Furthermore, spending time in the outdoors, connecting with our public lands and waters and green spaces, furthers America's conservation legacy. For example, research demonstrates that hunters who become engaged in the sport as children are among the most active and interested sportsmen as adults.
Spending time in the outdoors also supports the outdoor recreation industry. We have a large and growing industry in this country of supply stores, manufacturers, guides, hotels, and other important businesses that are the backbone of many rural communities. In fact, outdoor recreation activities add over $730 billion to the national economy every year. In this time of economic uncertainty, outdoor recreation is one of the bright spots in our economy.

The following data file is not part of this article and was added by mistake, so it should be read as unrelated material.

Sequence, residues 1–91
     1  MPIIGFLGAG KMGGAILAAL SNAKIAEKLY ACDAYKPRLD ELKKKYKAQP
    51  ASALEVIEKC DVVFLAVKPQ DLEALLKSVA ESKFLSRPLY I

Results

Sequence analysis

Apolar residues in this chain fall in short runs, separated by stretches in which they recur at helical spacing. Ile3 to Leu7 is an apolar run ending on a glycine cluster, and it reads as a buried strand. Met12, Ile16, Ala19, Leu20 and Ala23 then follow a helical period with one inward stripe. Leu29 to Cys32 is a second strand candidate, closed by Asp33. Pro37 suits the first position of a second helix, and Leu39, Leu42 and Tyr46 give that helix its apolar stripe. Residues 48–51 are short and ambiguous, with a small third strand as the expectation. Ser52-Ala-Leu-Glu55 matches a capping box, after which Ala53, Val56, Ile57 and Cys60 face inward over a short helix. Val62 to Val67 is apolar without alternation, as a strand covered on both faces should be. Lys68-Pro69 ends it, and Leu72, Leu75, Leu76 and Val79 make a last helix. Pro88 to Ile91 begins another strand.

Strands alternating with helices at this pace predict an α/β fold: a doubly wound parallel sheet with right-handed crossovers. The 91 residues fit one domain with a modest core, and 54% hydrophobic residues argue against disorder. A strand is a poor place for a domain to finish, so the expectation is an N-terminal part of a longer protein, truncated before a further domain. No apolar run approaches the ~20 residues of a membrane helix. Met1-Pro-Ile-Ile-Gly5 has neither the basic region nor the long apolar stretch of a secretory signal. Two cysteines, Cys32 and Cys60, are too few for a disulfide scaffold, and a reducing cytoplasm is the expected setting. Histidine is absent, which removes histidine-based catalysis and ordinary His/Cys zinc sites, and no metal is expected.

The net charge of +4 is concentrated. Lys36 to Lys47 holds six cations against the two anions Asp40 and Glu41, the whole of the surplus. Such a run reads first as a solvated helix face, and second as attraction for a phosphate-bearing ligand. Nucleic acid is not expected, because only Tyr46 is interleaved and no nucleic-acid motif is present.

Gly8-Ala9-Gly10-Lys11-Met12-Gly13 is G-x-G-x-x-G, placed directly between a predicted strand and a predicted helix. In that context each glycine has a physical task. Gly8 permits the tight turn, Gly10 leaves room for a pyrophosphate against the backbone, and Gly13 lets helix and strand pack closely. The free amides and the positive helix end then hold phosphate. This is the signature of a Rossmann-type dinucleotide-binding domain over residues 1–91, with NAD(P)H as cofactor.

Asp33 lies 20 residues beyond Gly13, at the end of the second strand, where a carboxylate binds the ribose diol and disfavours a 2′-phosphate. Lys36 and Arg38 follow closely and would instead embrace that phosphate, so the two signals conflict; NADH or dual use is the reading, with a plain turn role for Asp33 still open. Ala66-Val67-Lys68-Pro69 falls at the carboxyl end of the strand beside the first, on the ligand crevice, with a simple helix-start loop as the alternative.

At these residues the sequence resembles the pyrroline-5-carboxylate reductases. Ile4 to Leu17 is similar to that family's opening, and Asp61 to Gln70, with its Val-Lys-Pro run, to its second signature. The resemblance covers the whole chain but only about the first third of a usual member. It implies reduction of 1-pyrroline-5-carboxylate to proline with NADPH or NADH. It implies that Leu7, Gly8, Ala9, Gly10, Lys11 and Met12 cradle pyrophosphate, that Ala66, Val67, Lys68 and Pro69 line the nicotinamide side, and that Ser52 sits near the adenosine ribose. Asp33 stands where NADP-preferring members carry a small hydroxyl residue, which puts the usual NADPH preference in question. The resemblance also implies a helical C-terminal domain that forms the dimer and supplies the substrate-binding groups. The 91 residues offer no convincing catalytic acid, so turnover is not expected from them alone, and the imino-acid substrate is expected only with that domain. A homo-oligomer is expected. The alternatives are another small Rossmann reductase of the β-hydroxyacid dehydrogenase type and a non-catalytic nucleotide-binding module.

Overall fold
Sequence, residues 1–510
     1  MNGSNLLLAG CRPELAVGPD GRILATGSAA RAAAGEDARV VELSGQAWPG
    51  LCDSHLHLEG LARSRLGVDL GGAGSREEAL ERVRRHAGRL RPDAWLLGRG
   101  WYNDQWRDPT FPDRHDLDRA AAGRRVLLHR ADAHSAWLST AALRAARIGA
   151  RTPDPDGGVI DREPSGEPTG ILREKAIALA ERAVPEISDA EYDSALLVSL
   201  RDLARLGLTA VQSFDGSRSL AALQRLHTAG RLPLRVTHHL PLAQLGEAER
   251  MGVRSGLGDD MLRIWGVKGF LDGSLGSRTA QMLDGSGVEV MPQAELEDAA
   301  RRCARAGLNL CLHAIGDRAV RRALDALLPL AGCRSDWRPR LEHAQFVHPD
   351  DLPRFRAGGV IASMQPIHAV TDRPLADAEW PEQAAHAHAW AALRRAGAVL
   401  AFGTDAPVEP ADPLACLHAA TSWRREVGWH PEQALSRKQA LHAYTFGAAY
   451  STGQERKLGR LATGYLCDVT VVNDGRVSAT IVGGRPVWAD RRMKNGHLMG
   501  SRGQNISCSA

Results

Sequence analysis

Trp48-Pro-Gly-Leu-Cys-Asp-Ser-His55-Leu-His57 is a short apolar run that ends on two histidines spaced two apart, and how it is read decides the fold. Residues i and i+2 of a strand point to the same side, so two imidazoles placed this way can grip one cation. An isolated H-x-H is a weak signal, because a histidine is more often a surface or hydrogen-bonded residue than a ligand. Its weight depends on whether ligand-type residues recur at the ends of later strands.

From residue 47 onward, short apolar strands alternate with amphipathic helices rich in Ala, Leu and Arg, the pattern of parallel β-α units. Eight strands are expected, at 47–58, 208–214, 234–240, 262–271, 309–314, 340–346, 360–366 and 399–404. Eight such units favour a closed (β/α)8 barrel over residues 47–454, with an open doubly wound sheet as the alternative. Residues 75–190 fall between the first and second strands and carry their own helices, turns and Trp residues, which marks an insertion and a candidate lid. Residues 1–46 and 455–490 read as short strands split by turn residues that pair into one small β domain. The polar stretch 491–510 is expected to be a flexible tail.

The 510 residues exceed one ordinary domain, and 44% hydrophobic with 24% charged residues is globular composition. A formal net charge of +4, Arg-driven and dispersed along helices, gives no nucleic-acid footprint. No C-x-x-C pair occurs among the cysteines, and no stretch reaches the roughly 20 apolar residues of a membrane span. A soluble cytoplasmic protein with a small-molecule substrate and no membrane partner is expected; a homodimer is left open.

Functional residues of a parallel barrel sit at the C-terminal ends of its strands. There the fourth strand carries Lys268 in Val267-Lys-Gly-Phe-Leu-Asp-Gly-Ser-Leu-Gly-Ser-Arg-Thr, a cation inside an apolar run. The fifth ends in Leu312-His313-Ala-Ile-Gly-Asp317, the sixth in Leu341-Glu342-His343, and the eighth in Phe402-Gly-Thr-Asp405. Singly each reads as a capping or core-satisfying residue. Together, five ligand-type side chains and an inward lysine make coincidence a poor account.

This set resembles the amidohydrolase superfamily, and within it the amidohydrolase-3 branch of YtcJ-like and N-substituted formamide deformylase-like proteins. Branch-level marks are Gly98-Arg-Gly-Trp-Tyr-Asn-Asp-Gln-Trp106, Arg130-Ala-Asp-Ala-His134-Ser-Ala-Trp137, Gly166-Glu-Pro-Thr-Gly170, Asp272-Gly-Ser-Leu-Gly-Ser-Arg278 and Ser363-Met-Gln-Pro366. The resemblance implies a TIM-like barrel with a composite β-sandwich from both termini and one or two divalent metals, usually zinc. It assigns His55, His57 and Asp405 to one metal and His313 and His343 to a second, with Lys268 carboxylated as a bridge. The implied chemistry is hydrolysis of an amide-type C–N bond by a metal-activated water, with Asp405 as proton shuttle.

Additionally, at a time when disparities in health status and health insurance rates for minority populations are at an all-time high, particularly in my State of Colorado, the common sense goals of the Healthy Kids Outdoors Act can help level the playing field for good health across America. This legislation will make it easier for all Americans, regardless of cultural differences, geography or socio-economic status, especially children and families, to connect with healthy, active, outdoor lifestyles and the natural world. By doing so, we can combat the obesity epidemic, improve public health overall and bolster America's proud legacy of conservation and outdoor recreation economy.